Department of Education found university had not sufficiently validated student attendance
Starting this quarter, all students were required to acknowledge the Code of Academic Conduct for each course they were registered in as part of the new Academic Participation program.
According to the UC Davis website, the purpose of the acknowledgement was to keep track of which students had begun coursework.
“In 2017 the US Department of Education determined that UC Davis had not done enough to validate that students actually attended their registered classes,” the website stated. “In order to comply with this ruling, a method of allowing students to confirm that they have started work on a course was developed in cooperation with the Academic Senate and other key University stakeholders.”
In addition, it was recognized that more could be done to ensure students were aware of their responsibilities regarding academic honesty and the Code of Academic Conduct. The current acknowledgement process was designed to help educate students in this area as well.
Starting the first day of instruction, students received emails prompting them to accept the code. A student could do so by logging into their myUCDavis account, reading the Code of Academic Conduct and checking the boxes next to each of their registered courses to verify their acceptance of the code.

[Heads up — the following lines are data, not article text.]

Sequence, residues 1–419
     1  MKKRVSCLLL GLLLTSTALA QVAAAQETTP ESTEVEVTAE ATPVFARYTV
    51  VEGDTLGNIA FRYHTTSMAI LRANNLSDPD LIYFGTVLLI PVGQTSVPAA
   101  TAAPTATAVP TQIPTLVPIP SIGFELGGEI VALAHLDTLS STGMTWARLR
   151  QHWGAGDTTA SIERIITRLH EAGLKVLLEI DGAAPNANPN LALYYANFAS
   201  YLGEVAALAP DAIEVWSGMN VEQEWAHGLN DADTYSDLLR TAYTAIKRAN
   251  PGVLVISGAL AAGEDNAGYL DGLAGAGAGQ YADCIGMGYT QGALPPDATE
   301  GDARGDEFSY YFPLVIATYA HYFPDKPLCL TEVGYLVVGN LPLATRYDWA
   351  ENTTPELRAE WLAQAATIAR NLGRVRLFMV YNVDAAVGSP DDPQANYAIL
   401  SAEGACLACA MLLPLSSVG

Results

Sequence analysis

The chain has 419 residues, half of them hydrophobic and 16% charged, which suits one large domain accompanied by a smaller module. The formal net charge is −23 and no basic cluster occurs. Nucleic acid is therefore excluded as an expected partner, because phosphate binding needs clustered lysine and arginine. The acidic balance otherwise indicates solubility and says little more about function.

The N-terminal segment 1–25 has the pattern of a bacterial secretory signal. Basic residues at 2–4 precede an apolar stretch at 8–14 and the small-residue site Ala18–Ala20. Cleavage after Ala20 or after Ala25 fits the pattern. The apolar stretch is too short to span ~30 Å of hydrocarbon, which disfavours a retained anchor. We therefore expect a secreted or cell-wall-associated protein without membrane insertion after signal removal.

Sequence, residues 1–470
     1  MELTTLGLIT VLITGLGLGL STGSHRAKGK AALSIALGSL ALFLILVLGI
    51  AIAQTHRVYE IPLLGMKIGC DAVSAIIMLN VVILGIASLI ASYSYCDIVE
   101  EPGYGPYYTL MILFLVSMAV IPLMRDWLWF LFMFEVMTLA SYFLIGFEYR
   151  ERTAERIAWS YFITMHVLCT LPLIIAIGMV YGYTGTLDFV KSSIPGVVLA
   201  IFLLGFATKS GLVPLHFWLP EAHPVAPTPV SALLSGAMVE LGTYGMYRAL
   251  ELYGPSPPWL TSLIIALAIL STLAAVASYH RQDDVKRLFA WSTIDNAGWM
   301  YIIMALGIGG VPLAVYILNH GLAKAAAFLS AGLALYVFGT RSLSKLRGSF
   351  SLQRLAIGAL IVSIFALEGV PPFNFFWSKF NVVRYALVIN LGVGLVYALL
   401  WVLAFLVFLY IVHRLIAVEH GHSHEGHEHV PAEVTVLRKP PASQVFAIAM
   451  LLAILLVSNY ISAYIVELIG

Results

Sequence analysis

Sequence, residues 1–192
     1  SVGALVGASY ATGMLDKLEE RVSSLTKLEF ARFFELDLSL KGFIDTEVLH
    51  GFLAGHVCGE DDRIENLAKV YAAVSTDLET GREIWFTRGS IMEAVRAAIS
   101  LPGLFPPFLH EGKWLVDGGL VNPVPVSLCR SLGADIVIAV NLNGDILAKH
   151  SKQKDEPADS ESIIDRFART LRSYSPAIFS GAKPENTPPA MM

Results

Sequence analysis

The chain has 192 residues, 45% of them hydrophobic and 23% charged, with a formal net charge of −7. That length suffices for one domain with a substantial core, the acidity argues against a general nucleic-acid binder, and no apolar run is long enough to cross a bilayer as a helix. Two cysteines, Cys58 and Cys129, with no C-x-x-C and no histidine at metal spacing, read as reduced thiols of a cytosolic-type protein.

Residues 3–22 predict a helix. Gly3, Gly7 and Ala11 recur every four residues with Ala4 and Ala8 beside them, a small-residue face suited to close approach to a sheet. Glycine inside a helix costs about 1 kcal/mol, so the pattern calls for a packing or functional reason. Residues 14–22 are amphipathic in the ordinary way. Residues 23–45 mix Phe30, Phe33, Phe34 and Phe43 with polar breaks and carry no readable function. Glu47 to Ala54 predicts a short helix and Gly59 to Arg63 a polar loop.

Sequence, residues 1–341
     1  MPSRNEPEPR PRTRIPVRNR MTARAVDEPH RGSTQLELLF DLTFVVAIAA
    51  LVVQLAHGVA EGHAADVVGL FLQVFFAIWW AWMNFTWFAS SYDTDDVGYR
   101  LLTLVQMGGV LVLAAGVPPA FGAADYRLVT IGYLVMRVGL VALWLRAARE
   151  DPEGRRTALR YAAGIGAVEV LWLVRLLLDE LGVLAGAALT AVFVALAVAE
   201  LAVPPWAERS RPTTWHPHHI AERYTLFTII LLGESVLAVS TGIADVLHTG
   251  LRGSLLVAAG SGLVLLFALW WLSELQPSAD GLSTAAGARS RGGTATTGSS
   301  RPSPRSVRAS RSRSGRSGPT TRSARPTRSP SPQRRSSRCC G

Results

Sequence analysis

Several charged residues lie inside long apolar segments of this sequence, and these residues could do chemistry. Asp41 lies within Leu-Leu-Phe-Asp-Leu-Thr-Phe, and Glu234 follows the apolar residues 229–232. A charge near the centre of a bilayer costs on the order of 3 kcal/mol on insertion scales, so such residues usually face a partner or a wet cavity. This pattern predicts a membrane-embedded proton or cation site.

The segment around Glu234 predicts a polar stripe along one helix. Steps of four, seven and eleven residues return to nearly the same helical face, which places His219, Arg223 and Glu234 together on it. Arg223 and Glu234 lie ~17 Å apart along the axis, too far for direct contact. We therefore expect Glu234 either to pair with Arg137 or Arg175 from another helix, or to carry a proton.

Professors and instructors were also encouraged to help enforce the new program by reminding their students on the first day of class to confirm participation online, familiarizing themselves with faculty responsibilities for enforcing academic honesty as well as adding information about the new requirement into their course introduction materials or syllabus.
According to the email sent out to students, failure to participate could bring significant consequences including prevention from registering in the next term and lowering or complete removal of financial aid.
In addition, the email made it clear that failure to acknowledge the Code of Academic Conduct did not relieve students of their responsibility to know and follow the code.
Despite the program’s good intentions, some students, such as fourth-year international relations major Lily Jenkel, were not convinced that the acceptance process would achieve its desired effects.
“I think most students won’t actually read it, they’ll just click submit,” Jenkel said.
Some professors and instructors also had mixed feelings about the new program.
“I think it’s good that it reminds students to look at the rules,” said Dr. Pamela Demory, a lecturer in the University Writing Program. “But it also feels a little heavy-handed, because it implies that students are likely to break the rules.”
Written by Clara Zhao — firstname.lastname@example.org